I hate to fly. I hate take off. I hate turbulence. I hate landing. All three make my heart race, my palms sweat, and my stomach nauseous. But my hometown and most of my family are half way across the country. I hadn’t been home since September 2005, and ever since my twins were born (in March 2008) I’d felt the need to return to my roots.
I spent months searching for flights. My twins would be just shy of 16 months when we flew, and I wanted an itinerary that would allow us to be in the air during our nap times and would give us a decent layover between flights so the kids could spend a little time out of their car seats. When I finally booked the flights, it felt good. Until a few days later when a US Airways plane landed in the Hudson River and sent this nervous traveler into a panic. But I knew that I had to get myself together or I’d ruin the trip for everyone. So, I turned to those I knew and trusted for some advice that I hoped would save my sanity. And fortunately for me, all the tips I received worked like a charm.
- From Goddess in Progress, “Ignore the kids if they seem sleepy.”
Goddess was helpful in pointing out that our kids would be less likely to sleep if my husband and I continued to chat and play with them once they started showing signs of sleepiness. Because we were flying around our normal nap times, my husband and I actually went through our nap routine with each child once we reached our cruising altitude. We gave the kids their cuddle blankets, read two short books, gave them kisses, put down the window shade, and then sat back and closed our eyes (thinking it would be easier to ignore them and encourage sleep that way). Within 10 to 15 minutes, each child was out (though not without some quiet chatter and a bit of whiny crying). And this was the case on all four flights (two to get there and two to get back). Their naps were not as long as the ones they took at home, but it made the awake time on the plane much shorter.
- From numerous sources, “Pack lots of snacks.”
I’m pretty sure I over did it, but we never regretted carrying around the backpack and cooler full of a wide variety of snacks- crackers, fruit cups, pudding, rice cakes, cookies, soft cooked veggies, mini-muffins, milk, etc. These snacks got us through breakfast and lunch in the airports and through a few fussy moments on the planes. When my daughter woke from her naps, I could tell she was experiencing some discomfort from the change in cabin pressure. The snacks and her sippy cup of milk seemed to take care of that problem. It worked the same way to relieve discomfort during landings for two of the flights. (Fortunately, those around us were understanding during the landings in which she could not be consoled.)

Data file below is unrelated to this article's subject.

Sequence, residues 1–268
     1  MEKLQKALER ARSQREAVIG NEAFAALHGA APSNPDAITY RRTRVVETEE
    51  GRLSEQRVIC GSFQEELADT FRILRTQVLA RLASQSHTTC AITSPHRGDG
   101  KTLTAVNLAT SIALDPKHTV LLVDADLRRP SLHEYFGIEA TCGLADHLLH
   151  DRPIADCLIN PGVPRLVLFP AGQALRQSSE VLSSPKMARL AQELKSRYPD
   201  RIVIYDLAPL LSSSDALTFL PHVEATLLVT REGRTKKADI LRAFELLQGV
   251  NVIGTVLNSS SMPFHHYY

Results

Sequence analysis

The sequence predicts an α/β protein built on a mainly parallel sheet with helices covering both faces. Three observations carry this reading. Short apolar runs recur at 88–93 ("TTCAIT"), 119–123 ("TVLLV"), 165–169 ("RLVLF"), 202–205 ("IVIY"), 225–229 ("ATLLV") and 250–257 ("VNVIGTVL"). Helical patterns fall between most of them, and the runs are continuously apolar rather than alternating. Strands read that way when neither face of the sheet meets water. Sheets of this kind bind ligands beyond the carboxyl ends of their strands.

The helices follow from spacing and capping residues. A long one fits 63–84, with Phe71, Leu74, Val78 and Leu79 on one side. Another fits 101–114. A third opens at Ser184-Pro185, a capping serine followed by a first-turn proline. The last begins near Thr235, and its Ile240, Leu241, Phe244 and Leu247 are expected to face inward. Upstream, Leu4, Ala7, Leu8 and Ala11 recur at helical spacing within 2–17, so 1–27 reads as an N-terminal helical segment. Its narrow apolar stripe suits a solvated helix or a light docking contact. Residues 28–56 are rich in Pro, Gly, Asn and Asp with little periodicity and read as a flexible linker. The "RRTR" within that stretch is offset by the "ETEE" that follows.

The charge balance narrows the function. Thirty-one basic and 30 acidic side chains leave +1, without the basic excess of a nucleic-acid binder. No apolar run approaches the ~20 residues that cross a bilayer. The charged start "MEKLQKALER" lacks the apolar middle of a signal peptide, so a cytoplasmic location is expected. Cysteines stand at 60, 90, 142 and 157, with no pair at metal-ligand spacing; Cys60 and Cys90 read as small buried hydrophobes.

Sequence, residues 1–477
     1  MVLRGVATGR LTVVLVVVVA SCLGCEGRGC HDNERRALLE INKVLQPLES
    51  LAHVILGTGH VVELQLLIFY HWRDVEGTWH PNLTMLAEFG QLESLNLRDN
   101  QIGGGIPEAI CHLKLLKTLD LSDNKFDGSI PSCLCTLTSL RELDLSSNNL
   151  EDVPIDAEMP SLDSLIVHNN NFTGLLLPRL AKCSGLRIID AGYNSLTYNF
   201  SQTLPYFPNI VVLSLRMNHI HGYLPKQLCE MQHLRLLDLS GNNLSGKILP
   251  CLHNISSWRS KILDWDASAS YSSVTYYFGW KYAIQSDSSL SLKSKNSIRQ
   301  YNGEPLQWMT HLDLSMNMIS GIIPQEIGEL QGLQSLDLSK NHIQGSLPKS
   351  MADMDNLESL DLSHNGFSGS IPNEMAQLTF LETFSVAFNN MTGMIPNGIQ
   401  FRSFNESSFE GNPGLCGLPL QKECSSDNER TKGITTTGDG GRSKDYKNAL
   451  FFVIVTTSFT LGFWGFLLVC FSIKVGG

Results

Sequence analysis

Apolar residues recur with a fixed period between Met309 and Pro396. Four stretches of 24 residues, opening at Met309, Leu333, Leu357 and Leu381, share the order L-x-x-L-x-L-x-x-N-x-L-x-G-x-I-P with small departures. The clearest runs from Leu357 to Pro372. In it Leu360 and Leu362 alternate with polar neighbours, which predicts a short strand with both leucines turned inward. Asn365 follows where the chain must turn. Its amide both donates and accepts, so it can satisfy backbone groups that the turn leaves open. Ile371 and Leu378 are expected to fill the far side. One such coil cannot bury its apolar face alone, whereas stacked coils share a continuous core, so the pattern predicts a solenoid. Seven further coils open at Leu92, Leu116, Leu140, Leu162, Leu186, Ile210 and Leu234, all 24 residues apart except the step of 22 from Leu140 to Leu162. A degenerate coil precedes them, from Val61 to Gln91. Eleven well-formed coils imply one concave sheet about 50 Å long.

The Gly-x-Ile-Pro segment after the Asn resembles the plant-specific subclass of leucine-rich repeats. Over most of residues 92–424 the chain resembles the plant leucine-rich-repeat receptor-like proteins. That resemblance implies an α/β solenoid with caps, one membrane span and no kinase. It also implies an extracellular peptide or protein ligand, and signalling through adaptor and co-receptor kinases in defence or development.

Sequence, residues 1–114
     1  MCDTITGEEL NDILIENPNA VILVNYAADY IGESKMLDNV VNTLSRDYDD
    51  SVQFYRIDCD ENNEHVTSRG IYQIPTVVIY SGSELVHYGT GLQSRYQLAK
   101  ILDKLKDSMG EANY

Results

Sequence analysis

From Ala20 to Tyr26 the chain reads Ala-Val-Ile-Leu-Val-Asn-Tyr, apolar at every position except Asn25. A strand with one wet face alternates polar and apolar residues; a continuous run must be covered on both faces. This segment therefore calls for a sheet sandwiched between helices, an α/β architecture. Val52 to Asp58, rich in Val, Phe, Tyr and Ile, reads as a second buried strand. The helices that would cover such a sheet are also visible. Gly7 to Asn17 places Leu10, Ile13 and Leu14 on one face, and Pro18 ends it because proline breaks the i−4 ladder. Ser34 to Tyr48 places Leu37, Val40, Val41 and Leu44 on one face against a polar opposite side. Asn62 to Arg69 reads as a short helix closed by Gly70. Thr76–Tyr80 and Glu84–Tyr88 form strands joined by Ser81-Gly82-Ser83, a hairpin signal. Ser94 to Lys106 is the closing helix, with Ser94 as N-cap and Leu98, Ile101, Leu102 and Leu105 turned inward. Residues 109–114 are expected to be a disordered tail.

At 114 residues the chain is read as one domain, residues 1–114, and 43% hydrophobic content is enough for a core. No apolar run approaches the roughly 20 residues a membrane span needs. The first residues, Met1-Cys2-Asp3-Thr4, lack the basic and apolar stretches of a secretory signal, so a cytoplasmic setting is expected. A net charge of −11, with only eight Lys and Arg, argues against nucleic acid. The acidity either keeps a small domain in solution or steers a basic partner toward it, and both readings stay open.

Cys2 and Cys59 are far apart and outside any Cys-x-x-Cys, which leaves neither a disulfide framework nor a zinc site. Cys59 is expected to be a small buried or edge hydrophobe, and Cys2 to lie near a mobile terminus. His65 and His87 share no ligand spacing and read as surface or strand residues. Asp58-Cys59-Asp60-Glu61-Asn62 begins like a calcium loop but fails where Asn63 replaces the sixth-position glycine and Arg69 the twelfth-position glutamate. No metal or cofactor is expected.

- From Jenn, “Pack small toys and random items from the dollar store.”
Jenn, a friend and former colleague, is the only person I know who is as nervous about flying as I am. So when she told me that small toys and random items from the dollar store would keep my kids occupied for hours, I rushed right out to the Dollar Tree store to fill my basket full of goodies- party favors, kitchen items, curlers, plastic jewelry, small toys, etc. Then, as instructed by Jenn, I put several items in small, resealable, plastic bags, and then put all the little bags in a big, resealable, plastic bag.
On each of our flights, after the kids woke up from their naps and had their snacks, my husband and I would pull out a bag of dollar store items for each child. We let them play with the items until they were no longer entertaining, and then we’d pull out another bag of dollar store goodies. This tip worked phenomenally well. My daughter played for over half an hour with a baggie full of 3 plastic deputy sheriff stars, a pirate’s compass, and an oversized coin (putting them in the bag, then taking them out), and my son loved chewing on and playing with a wooden spoon and plastic spatula.
We kept all of our travel toys packed away while we were on our vacation, so the kids were happy to see them again when we took the return flights home.
As someone who hates flying, I’m happy to report that I hardly noticed any of the things that usually bother me so much. I was so involved in trying to keep my kids comfortable and happy, that I barely noticed any of the things that normally freak me out.
Of course there were many other great tips that we followed to keep us sane from the time we left home until we returned. Getting to the airport, getting through security, following a schedule while on vacation- what tips have made you and yours happy travelers?